Archive for the 'Freshwater' Category

Humble Fish Garners New Appreciation

Thursday, May 2nd, 2019
Fishing for catfish is a family affaire.

Fishing for catfish is a family affaire.

This is Passport to Texas

Nobody will dispute that largemouth bass is the favorite sport fish among Texas anglers.

Today in Texas about 50% of our anglers say they prefer largemouth bass.

Yet, Dave Terre, chief of inland fisheries research and management, says largemouth bass has an unlikely rival.

About 20 percent of anglers prefer fishing catfish in Texas.

The humble catfish is gaining in popularity. That’s because unlike largemouth bass, catfish are better able to survive and thrive when water levels—and dissolved oxygen levels—are low, such as during drought.

We’re trying to study catfish more intensively to determine how we can make fishing for catfish even better.

Texas Parks and Wildlife developed a management to guide the future of this sport fish in Texas.

Most people in Texas – when they think of a fish, they think of a catfish. I think that’s the honest truth. Bass get more notoriety, but catfish are very important and I think a perfect fish to start new anglers on fishing, and to get a new generation of Texas interested in fishing.

Three of ten species of catfish in Texas provide important fishing opportunities to anglers: Channel, Blue, and Flathead. Find the Catfish Management Plan on the TPW website..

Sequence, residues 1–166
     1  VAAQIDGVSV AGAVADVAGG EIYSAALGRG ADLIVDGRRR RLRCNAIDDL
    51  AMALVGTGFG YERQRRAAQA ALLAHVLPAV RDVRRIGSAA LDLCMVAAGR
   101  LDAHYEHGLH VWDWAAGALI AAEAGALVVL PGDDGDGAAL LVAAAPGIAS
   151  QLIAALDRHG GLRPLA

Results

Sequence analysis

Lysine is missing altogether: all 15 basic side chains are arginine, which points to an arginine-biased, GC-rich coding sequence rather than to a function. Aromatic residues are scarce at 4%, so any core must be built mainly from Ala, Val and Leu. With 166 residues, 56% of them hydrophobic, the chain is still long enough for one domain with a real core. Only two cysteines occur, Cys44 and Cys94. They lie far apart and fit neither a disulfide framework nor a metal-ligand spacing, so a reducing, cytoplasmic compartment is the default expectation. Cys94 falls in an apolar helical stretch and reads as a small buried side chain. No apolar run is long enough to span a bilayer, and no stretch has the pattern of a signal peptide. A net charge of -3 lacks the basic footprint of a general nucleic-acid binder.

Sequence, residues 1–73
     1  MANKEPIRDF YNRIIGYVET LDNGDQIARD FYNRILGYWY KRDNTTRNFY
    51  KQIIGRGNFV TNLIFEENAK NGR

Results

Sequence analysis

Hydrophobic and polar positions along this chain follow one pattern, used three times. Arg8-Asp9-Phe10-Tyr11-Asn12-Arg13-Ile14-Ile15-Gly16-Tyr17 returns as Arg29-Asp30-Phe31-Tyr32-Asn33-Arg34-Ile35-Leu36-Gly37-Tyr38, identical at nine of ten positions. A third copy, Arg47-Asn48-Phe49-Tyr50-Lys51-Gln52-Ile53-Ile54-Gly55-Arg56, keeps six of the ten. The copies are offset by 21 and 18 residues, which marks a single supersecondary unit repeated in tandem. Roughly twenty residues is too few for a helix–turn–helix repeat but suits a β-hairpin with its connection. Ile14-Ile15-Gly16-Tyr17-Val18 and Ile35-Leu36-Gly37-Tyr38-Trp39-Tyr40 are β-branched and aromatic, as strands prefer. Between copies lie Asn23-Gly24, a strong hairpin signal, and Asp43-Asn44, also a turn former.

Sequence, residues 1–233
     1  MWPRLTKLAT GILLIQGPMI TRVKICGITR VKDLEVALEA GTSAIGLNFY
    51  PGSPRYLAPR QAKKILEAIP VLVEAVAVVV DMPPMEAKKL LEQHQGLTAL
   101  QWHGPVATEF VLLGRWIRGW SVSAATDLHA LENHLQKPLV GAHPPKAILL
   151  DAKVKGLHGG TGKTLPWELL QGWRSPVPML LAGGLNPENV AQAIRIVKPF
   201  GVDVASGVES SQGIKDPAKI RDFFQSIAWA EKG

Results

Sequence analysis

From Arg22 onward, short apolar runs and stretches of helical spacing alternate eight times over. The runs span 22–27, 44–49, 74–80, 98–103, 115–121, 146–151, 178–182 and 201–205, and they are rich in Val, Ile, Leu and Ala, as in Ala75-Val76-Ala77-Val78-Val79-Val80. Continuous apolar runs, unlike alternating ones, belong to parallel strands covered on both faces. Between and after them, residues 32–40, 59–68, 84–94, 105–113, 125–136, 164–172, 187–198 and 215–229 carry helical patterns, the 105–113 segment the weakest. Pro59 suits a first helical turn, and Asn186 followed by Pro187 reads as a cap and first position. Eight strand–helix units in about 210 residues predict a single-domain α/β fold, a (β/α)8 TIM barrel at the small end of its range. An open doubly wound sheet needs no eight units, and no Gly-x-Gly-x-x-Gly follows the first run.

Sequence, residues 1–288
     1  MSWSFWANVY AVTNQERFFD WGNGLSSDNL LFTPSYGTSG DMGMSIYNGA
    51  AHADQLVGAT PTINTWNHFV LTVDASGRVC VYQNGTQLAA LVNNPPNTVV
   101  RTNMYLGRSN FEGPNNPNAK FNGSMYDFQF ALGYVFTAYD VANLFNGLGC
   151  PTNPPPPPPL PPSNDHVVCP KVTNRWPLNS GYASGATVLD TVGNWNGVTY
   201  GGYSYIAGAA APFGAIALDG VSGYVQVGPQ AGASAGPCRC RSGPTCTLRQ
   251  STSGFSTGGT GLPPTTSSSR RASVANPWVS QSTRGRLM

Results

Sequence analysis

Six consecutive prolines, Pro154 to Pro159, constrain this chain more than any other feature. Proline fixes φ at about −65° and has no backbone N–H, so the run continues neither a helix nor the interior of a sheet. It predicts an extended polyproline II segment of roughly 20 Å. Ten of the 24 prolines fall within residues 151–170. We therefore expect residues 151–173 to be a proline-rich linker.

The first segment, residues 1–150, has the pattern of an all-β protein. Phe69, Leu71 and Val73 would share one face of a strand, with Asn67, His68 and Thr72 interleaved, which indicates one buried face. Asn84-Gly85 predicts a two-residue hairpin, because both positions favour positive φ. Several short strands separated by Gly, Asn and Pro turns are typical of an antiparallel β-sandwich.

The Sport Fish Restoration Program supports our series and funds fisheries research in Texas.

For Texas Parks and Wildlife I’m Cecilia Nasti.

Texas is a Fly-fishing Mecca

Thursday, April 4th, 2019
Alvin Dedeaux

Alvin Dedeaux

This is Passport to Texas

Few people think of Texas when the topic of fly-fishing comes up, unless you’re Alvin Dedeaux, that is.

Well, we’ve got some great fly-fishing opportunities here.

Alvin is a sought-after Texas fly-fishing guide. He’s partnered with Texas Parks and Wildlife Foundation, the nonprofit arm of Texas Parks and Wildlife Department to help recruit new members. Anyone who goes to WeWillNotBeTamed.org and becomes a new foundation member by April 12 will be entered in a drawing to win a half-day fly-fishing trip with Alvin.

I guided for trout all over the Western US, and I think what we have here in Central Texas rivals a lot of that stuff. Especially the rivers. Because, as a lot of people know, our rivers are kind of an underutilized resource. We’ve got tons of really beautiful small streams with very little pressure and really aggressive, hungry fish. And I think it rivals anything anywhere—you know, it’s just different. On top of that, we have the Texas coast. And the inshore fisheries on the Texas coast are world-class for like casting for redfish and speckled trout. So Texas is really, I think, an undiscovered central Mecca for fly-fishermen.